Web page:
It will be very interesting to see where all of this goes. India is the only major country I am aware of that outright banned and outlawed Bitcoin and other cryptocurrencies. I think this situation is worse than the SEC in the US. Most countries who are aggressive have a clear motive which is “we want to regulate and tax cryptocurrency” but India has taken it a step farther which is alarming. What some regulators don’t seem to understand or care about is that this huge amount of money from both investors and exchanges can be moved in an instant. If it gets banned then people may just physically and virtually move outside of that jurisdiction and never return. Banning cryptocurrency may seem like an upside to central bankers, but with short-term gain. In fact I would argue that outlawing it will only make cryptocurrency gain in adoption and popularity. The only doomsday scenario that would possibly be effective is if all major governments banned cryptocurrency which I don’t see happening, as it is literally shooting yourself in the head financially. I think these sorts of decisions will be seen in the future, as being extremely silly, inline with those who wanted to kill eCommerce and digital media purchases in the 90’s and early 2000’s.
With that all said I really wonder if the law would uphold this ban which I think under any country’s laws would be found illegal. This is hard to say as India has recently invalidated some of its own notes. It may be ultimately found illegal but if I were any of these firms I would have moved away by now and consider returning once the legal issues have been sorted out. But with India’s economy being so vast and strong the firms in question have a lot to gain by remaining and pushing for the legal acceptance of cryptocurrency in India.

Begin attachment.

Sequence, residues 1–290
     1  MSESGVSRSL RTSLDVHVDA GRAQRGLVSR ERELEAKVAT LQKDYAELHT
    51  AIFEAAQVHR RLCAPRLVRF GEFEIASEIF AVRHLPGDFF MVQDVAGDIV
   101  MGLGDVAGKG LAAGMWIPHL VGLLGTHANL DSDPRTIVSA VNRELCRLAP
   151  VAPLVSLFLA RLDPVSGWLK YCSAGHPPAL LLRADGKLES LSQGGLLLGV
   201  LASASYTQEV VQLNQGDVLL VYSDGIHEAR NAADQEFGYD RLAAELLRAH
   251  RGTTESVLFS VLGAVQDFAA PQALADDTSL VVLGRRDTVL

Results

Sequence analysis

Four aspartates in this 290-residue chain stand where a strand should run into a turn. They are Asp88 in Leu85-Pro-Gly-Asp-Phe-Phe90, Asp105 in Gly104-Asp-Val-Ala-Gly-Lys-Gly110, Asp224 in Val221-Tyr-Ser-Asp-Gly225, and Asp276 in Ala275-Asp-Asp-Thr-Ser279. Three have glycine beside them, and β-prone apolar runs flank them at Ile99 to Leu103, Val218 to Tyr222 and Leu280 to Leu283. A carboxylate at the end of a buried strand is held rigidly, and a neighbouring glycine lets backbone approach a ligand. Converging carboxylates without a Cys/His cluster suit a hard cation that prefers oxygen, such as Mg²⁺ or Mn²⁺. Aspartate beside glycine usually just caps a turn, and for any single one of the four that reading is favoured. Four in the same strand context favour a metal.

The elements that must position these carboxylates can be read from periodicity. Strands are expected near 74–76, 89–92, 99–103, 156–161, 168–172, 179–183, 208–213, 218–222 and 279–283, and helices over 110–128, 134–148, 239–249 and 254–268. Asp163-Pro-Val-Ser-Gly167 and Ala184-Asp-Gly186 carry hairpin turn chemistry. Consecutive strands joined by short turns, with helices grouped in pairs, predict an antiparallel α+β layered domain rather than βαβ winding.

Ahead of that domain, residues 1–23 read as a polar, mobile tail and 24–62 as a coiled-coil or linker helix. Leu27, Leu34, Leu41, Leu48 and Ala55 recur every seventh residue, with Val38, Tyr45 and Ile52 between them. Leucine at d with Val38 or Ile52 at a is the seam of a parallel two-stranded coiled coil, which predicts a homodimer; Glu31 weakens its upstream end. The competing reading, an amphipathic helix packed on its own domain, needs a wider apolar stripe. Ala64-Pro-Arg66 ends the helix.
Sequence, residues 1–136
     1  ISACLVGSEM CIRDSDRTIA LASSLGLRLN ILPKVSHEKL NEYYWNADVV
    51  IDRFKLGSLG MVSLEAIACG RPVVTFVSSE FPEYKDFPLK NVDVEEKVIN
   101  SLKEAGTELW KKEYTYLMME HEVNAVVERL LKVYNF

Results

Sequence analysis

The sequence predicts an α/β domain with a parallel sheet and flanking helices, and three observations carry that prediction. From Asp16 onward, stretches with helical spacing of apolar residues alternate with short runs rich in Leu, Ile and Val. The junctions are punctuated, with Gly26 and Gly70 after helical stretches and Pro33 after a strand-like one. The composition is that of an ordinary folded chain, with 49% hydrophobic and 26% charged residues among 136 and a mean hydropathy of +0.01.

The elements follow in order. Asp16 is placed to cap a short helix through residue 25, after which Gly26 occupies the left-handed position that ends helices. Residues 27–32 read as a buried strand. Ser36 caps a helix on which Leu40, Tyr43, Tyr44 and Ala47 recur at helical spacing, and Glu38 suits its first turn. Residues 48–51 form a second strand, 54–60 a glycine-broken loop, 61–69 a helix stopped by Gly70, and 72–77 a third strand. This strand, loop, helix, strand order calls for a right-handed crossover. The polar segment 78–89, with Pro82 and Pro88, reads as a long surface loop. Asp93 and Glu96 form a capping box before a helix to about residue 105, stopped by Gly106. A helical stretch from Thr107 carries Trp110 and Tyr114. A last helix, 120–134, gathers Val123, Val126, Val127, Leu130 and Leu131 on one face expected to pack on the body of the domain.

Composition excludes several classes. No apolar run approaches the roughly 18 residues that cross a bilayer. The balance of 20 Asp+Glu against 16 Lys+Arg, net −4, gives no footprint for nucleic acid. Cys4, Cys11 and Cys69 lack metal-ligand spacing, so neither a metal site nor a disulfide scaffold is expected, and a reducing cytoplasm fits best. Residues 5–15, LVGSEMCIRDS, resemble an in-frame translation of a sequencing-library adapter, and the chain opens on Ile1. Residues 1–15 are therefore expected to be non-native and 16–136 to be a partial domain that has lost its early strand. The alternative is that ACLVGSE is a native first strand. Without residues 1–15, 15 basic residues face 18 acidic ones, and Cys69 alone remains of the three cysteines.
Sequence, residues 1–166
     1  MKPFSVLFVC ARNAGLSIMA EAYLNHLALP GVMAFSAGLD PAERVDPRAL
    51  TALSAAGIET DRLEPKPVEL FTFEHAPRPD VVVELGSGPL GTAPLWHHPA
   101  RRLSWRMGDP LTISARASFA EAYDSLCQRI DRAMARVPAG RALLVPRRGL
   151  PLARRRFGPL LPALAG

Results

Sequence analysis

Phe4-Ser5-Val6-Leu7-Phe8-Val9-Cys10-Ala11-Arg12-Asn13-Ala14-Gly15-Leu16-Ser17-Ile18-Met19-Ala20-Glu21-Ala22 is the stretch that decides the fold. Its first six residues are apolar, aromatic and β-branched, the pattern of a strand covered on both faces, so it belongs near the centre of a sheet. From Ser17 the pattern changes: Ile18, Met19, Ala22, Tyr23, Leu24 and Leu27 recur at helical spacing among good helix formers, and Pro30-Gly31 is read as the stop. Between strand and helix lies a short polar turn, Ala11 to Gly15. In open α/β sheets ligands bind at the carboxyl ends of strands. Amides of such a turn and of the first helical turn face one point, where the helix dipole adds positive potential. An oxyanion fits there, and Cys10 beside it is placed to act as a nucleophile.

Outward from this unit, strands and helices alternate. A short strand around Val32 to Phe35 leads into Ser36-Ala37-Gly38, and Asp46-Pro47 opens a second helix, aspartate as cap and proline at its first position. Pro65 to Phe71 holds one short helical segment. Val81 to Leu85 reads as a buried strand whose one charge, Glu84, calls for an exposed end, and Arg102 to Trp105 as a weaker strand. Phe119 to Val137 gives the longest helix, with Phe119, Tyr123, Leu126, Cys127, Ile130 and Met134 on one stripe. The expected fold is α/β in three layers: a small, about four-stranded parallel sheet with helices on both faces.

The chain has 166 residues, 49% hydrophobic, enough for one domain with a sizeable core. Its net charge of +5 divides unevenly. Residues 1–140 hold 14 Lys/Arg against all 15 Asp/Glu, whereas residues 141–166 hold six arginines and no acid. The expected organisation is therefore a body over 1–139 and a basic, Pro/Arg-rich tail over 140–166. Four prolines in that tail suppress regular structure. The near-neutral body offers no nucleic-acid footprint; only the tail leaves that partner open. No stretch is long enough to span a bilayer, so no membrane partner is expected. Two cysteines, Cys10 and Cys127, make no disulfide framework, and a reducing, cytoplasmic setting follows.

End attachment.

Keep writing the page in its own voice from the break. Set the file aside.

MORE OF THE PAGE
Another Crypto Firm Challenges India’s Bitcoin Banking Blockade
Coinbase just announced it will be supporting the trade of ERC20 tokens. A lot of times in the crypto world I look and shake my head and I just can’t stop with this one. I could see if Coinbase wanted to support actual currencies like Ripple, Lumens, Monero etc… those are reasonably safe currencies to invest in.
ICOs which are essentially crowdfunding/pseudo-stocks (depending on who you ask) are extremely risk and I would say about 90% of those are fraudulent in that they collect your coins and never intended to deliver anything. I think we can all agree at any rate that ICOs are extremely risky and HODLING may be as useful with those tokens as holding RIM stock.
Coinbase has a huge client base and is one of the easiest ways for people to get into cryptocurrency. However, they risk bringing regulatory wrath and also dampening new investors from coming in when they get burnt on these ICO scams.
It’s recently come to my attention that some people weren’t aware that Ethereum Smart Contracts or ERC20 tokens are not vetted, supported or approved by the Ethereum team in any way. This is huge issue of course and why I am so against smart contracts at the moment. Let’s get cryptocurrency as an infrastructure in terms of B2B,B2C,C2C etc… working fast, efficiently, securely and easily before biting off more than we can chew!